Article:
A LEADING technology researcher has cut its forecasts for global PC sales, piling even greater pressure on the likes of Hewlett Packard and Microsoft.
Gartner said yesterday that it expects PC sales to be 305m this year – a 10.6 cent decline on 2012 – followed by sales of 289m in 2014. This is an even gloomier picture than the one the research firm painted just two months ago, when Gartner said PC sales will be 315m this year and 302m in 2014.
The meteoric rise of the tablet computer, led by Apple’s iPad, has eaten into PC sales, and the market declined for the first time in a decade last year.
“Consumers want anytime-anywhere computing that allows them to consume and create content with ease,” said Gartner’s Carolina Milanesi. “Mobility is paramount in both mature and emerging markets.”
While Gartner cut its predictions for PC sales, it upped forecasts for tablets. The firm said tablet sales will rise from 120m last year to 202m this year. And in 2014, tablets will be close to outselling PCs, with sales hitting 276m.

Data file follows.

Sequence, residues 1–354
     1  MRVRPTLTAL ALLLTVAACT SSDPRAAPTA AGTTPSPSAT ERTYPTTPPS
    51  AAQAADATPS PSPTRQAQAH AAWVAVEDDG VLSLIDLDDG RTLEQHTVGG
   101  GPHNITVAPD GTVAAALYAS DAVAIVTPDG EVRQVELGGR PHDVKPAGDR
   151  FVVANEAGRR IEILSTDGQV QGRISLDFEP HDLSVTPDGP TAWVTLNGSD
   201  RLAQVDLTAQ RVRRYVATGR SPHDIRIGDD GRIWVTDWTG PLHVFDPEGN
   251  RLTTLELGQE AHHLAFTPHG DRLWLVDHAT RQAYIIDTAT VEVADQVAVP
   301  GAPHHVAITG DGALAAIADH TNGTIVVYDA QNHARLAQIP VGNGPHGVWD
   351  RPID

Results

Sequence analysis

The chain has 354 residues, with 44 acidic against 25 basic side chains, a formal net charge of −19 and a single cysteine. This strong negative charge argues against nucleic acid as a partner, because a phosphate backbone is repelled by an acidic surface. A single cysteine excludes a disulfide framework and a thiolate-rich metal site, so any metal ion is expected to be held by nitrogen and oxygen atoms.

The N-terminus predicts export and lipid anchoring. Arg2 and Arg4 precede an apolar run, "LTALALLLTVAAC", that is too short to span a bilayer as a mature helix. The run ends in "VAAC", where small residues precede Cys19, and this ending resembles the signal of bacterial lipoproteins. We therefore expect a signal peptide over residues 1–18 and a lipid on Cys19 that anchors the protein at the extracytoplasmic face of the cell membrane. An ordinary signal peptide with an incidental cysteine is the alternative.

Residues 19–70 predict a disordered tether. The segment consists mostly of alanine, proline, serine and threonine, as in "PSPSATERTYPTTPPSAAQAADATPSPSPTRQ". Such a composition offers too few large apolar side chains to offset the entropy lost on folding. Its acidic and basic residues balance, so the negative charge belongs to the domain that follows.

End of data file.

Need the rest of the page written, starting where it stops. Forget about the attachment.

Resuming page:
The revised forecasts suggest that Microsoft’s new software, Windows 8, is unlikely to reinvigorate the flagging PC market. However, it predicted that combined shipments of mobile phones, tablets and PCs running Microsoft software would actually improve in 2014 after declines in 2012 and 2013, as more consumers buy tablets and smartphones running the Windows software.
But even as Microsoft steadies, its grip on the market is set to wane. Sales of devices running Google’s Android software are expected to almost double between 2012 and 2014, with sales hitting 1.06bn next year compared to Microsoft’s 378m. Sales of Apple products are expected to almost match Microsoft in 2014, hitting 355m.
Mobile phone sales, meanwhile, will grow from 2.2bn in 2012 to 2.5bn in 2014.